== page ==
In the '90s, the Red Aunts were at the epicenter of Long Beach's punk scene. Having had no previous experience in bands, Kerry Smith, Terri Wahl, Deb Martini and Lesley Ishino developed a "toxic," multi-directional sound that was all their own, releasing five full-length albums during their seven-year tenure.
But in 1998, they broke up. Wahl opened a catering business and Los Angeles restaurant, and Smith would go on to help form Beehive & the Barracudas in San Diego.
"I moved there because the Red Aunts broke up, and my boyfriend lived in San Diego. We used to come down [from Long Beach] whenever Claw Hammer played, so we met all the Casbah people and the Rocket [From the Crypt] guys ... I lived in San Diego maybe only a year, but we’d been hanging out down there for almost ten years," Smith told me over the phone earlier this week.
But her time as a core member of Beehive was short-lived, as Smith got the New York itch and decided to move back to the East Coast, where she's from.
Three or four years ago, Smith half-jokingly asked Larry Hardy -- founder of In the Red Records -- if he would do a greatest hits record for the Red Aunts.
Not only did Hardy say yes, but he put out a double vinyl for the band and asked them to play the garage-rock label's 25th-anniversary party. And that marked a new beginning for them that's still unfurling.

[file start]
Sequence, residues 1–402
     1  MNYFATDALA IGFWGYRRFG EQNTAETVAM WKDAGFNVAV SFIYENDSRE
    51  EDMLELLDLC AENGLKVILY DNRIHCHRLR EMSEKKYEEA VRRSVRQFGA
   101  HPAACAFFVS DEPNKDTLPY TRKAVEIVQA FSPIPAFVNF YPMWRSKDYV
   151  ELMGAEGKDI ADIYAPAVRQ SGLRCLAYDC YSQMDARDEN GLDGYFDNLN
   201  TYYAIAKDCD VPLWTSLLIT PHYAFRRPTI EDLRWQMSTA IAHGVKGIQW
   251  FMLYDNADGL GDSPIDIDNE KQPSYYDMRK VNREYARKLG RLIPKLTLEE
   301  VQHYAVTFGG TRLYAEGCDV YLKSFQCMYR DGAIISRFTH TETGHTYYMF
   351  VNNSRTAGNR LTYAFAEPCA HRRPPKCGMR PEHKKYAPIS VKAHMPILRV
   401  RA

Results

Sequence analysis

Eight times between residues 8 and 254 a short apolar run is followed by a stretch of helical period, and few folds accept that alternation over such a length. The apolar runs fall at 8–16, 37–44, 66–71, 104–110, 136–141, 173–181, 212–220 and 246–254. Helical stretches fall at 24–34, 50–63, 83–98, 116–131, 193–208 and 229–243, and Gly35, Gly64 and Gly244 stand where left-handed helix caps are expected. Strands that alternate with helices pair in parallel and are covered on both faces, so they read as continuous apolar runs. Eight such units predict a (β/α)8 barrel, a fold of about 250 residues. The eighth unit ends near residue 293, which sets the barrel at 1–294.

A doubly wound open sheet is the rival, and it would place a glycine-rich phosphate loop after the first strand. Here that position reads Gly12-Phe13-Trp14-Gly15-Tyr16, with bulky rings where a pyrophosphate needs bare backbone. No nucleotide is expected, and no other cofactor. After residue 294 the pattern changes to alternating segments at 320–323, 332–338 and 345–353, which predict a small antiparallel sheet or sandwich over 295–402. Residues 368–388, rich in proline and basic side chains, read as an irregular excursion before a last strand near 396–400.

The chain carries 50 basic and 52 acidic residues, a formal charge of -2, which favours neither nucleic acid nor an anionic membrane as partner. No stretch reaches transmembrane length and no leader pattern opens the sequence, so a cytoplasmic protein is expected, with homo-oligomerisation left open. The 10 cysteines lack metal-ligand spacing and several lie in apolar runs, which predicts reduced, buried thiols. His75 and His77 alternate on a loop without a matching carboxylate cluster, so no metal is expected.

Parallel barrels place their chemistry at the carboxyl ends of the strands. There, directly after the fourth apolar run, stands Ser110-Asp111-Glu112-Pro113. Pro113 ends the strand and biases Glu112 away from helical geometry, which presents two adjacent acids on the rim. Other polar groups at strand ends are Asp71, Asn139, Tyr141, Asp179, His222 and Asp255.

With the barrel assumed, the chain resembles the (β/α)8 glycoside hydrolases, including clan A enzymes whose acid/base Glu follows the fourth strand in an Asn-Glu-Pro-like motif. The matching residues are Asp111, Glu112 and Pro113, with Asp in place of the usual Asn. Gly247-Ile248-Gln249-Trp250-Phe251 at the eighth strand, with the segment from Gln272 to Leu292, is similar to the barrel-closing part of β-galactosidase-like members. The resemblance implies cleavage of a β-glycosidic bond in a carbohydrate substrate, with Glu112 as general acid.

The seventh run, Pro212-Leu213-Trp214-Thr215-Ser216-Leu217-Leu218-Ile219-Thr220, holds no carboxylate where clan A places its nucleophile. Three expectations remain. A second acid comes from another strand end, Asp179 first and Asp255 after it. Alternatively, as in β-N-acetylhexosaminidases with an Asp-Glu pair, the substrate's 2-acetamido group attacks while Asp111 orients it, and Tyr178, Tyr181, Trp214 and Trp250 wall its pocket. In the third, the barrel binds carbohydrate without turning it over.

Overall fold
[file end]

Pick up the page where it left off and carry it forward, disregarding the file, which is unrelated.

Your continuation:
In January, the Red Aunts are reuniting to play a string of California shows -- what's beyond that is anyone's guess, but Smith seems to see a future.
"We probably will write some new music. We’ll continue to play live shows as long as it’s convenient for us," she said.
"We used to play there all the time at the Casbah. Everyone loves Tim Mays and that club," Smith added.
Rutger Rosenborg was almost a Stanford poet-neuroscientist before he formed Ed Ghost Tucker. Whoops. He now fronts the Lulls, plays lead guitar in LA band Velvet and makes music on his own when he's not writing. Follow his updates on Instagram and Twitter (@RArosenborg), add him on Facebook or contact him directly.